Living in the present, Living in the Presence

3 Aug

I follow the online daily prayer offerings from the Irish Jesuits, called Sacred Space. Today there is an invitation to see just how much my life is a gift from God, and I want to affirm this in a number of ways.

First, there is an invitation to see that we move from holy ground to holy ground. 
In the moments of quiet reflection, 'We find ourselves briefly on Holy Ground,
with a sense of awe and delight. What are we doing all through life but moving
from one little piece of Holy Ground to the next?'

Then comes a simple prayer, which really challenges me and us all, in the way we live and how we relate to each other.

'Lord, you gave me the gift of life and freedom.

Through your love I exist in the world.

May I never take the gift of life for granted.

May I always respect the right to life of others.'

I would want to amend the last line to include respecting the freedom of others too.

Reflecting further on these wonderful ideas and possibilities, I simply name some of my realities.

I acknowledge the gift of life. I did not create myself and I do not sustain my life in being. Thus, I am a wonder, as is every life.

There is no benefit in saying that this gift is undeserved, or deserved. That is irrelevant. It is simply a reality that our life is a gift. For myself, the experiences of this last year make this even more poignant. I could be dead, but I am not. Thanks be to God.

My life is fragile and limited. There is much I cannot do. Much I dreamed of doing but have not and never will. But there is also much I can do. Although limited, I am capable of some love, some insight, some care of others, some service to the world. I have ideas, and potential in sharing them, and evoking the ideas and insights and gifts of others. (That's why it is important to affirm the freedom of others—especially those who all too willingly will give over that freedom, to me or to others, who may be tempted to 'care' for them in a way that actually takes their freedom and responsibility from them.)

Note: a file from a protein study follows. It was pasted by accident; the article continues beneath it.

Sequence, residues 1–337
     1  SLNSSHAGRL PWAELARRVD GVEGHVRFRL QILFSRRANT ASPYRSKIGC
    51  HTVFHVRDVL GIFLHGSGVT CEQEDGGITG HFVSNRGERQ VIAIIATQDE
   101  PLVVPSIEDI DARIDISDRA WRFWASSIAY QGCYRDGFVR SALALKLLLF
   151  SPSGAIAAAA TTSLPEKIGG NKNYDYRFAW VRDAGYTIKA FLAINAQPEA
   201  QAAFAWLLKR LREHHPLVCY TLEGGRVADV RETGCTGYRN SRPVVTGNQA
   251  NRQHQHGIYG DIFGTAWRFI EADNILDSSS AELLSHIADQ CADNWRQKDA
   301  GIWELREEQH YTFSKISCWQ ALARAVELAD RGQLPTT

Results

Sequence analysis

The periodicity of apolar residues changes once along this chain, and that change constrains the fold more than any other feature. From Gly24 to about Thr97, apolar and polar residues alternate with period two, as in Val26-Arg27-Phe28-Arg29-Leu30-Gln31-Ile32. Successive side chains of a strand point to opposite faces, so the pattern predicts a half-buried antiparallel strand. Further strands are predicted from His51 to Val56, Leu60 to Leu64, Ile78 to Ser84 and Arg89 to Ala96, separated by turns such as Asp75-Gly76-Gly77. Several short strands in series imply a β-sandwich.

Whatever is my potential, the reality is that I do not do what I could, and much that I do not want to do I nevertheless do. The Apostle Paul is dead right: 'I do not understand my own actions. For I do not do what I want, but I do the very thing I hate.' (Romans 7.15)

But this is not the whole of it. It is simply not true and not helpful then to run to an idea of 'total depravity', the theological idea that human life is utterly wretched and there is nothing good in us. We are created in God's image and God is faithful to that purpose, that created intention, that gift.

What is crucial here is the idea that God is not only creator in the past. God is creator. It is not that we were once upon a time created in God's image, and it's all been downhill ever since.

Rather, every  day is God's gift, and every day God invites us (me and you!) to live with God. As the text in Lamentations puts it: God's mercies are 'new every morning'. (Lam. 3. 23).

Every new day dawns, with its invitation to holy ground. That is nothing other than to be ourselves, with each other and with God. We are God's dwelling place, where God lives. Not only us, for God lives in the whole creation and invites it all into wholeness. But we are part of that. We are God's dwelling place, and so the prayer for this day is my prayer, and one I offer to you too. May we all receive and live the gift of life and freedom.

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